Too Pool for School

This swim season, the swimming team has set new records, defeated challengers, and so much more.


Dawn Razor

Lauren Tiedt channels her inner dolphin while training for swim

by Madeline Kratzer, Staff Writer


Missouri’s aquatic life usually consists of catfish, bluegill, carp and other boring scaled fish, but at St. Charles High, it includes a team of teenage girls with goggles. They, despite not having gills or fins, are apparently very talented although few.

“We had a small team, just nine or 10 swimmers, but every swimmer swam their personal best this year,” Swim Coach Paul Wright said.

Swim season, which runs from December through February, produced many talented new and old swimmers, and from their winning record this season, they’re all hardworking.

“We beat many teams that were much, much larger, because I feel that our girls worked harder than some of the other schools,” Wright said.

We beat many teams that were much, much larger

— Paul Wright, Swim Coach

Watching the students work to better their swimming makes the coaches proud, but it’s even more rewarding for the swimmers, especially the newer ones. 

“I really enjoyed getting better each time,” junior swimmer Lauren Tiedt said, “I liked learning all the strokes and how to do it properly.”

Even the senior swimmers have observed improvement in their swimming.

“This year I’d have to say on senior night I won all of my events and that’s a pretty big deal, it’s hard going against another team that’s really good so I enjoyed that part,” senior swim captain Emma Gilkinson said.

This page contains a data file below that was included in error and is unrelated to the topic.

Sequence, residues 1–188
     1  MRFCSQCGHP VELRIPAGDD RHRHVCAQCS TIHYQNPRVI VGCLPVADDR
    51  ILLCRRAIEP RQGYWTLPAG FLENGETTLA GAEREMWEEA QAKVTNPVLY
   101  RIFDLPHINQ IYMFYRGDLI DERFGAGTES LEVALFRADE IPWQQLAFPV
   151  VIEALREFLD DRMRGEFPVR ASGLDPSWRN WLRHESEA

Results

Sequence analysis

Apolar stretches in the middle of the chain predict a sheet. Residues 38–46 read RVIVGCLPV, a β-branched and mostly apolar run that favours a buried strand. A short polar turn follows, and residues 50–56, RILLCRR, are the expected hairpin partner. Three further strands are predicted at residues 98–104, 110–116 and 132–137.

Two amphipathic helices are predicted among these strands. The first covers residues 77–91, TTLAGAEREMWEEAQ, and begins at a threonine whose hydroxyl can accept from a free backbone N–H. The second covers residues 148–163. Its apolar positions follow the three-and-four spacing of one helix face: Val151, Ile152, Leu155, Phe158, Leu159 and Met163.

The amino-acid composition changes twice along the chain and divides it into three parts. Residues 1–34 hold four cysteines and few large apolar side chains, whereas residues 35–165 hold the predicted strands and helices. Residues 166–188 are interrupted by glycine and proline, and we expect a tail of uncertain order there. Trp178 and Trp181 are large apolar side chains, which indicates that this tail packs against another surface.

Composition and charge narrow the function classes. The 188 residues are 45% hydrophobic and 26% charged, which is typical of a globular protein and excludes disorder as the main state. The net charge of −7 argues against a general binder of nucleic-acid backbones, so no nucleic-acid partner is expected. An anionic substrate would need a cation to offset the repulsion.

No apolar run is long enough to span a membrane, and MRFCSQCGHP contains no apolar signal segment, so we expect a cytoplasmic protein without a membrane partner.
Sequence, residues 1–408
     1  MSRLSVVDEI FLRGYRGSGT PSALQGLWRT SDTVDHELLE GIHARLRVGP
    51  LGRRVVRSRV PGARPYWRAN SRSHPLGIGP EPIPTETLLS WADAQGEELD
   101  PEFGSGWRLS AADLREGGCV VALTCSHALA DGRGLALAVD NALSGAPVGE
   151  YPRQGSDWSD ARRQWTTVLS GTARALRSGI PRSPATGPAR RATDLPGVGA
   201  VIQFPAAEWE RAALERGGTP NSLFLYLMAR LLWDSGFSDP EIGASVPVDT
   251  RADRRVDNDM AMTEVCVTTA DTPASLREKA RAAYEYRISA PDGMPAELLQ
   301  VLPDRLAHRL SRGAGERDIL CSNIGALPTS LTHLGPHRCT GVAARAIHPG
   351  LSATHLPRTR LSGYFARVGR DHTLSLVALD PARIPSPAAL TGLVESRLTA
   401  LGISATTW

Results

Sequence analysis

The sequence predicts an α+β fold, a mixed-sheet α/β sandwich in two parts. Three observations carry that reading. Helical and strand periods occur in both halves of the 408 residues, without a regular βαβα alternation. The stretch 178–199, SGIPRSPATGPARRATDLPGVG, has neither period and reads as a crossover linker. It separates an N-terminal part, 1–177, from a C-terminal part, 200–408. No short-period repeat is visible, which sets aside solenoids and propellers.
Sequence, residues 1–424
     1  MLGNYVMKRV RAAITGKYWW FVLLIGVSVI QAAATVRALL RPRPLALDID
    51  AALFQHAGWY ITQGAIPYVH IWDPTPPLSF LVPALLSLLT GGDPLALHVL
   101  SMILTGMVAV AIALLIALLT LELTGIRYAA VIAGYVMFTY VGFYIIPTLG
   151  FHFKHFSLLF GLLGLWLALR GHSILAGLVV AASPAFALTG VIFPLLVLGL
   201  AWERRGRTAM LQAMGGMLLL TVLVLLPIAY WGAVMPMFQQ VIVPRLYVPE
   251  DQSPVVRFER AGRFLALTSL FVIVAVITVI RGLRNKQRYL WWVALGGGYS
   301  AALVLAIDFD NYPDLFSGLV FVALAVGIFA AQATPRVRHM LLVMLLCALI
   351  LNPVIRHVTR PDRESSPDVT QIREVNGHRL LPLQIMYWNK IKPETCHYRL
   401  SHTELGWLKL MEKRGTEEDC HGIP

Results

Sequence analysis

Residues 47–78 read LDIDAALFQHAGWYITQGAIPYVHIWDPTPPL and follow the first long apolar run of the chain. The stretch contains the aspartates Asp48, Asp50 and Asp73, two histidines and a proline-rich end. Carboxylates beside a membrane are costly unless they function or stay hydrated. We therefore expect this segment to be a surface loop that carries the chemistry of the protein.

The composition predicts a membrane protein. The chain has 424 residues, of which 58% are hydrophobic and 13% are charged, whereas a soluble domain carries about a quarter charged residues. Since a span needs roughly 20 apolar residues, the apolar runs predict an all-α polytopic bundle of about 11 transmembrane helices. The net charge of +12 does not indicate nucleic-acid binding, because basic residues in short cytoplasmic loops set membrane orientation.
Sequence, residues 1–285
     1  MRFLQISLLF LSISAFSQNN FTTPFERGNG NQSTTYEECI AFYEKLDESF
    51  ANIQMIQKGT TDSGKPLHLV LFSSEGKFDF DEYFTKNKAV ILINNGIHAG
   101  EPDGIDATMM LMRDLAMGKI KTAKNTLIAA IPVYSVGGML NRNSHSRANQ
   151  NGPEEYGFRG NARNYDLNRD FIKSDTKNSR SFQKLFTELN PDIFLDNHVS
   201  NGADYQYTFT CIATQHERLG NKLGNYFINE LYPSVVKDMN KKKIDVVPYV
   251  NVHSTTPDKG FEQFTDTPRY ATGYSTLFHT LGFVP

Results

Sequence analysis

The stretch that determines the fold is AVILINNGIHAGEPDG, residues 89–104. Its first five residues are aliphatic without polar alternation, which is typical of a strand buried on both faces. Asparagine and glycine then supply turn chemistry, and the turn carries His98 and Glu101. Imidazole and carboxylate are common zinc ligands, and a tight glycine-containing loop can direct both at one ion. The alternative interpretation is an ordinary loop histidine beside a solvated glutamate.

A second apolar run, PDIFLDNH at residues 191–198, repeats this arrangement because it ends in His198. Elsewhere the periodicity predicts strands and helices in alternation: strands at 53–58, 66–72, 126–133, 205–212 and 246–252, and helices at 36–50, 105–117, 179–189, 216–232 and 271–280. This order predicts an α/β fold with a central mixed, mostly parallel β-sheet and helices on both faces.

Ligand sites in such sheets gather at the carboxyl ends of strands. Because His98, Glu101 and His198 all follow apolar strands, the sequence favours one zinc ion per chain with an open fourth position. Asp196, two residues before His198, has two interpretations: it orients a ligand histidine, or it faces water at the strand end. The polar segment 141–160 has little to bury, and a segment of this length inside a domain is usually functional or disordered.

Because swimming only lasts for a season and not year-round, swimmers had to improve their swimming skills in a short amount of time. Wright believes that summer meets would give them more time to improve their skills. 

“I think that if we can get the girls swimming a little bit more year around so that when they came into the season they were already swim-shape,” Wright said.

Along with summer meets, the swim team could benefit from gaining more members.

“Only one senior left the swim team, but next year it’s going to be a lot,” Tiedt said.

Gilkinson thinks that the swim team should change the way that they recruit, due to recruitment usually being targeted towards freshmen at an orientation.

“Making swim more fun and less intimidating would definitely be helpful because swim shouldn’t be intimidating at all,” Gilkinson said. 

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  • Melissa Prichard races through the water towards glory

  • Odessa Burlis takes a breath of fresh air

  • Joey Jackson channels the spirit of the otter during her backstrokes

  • Emma Gilkinson celebrates her victory at senior night

  • Jayden Sandford treads water at the pool

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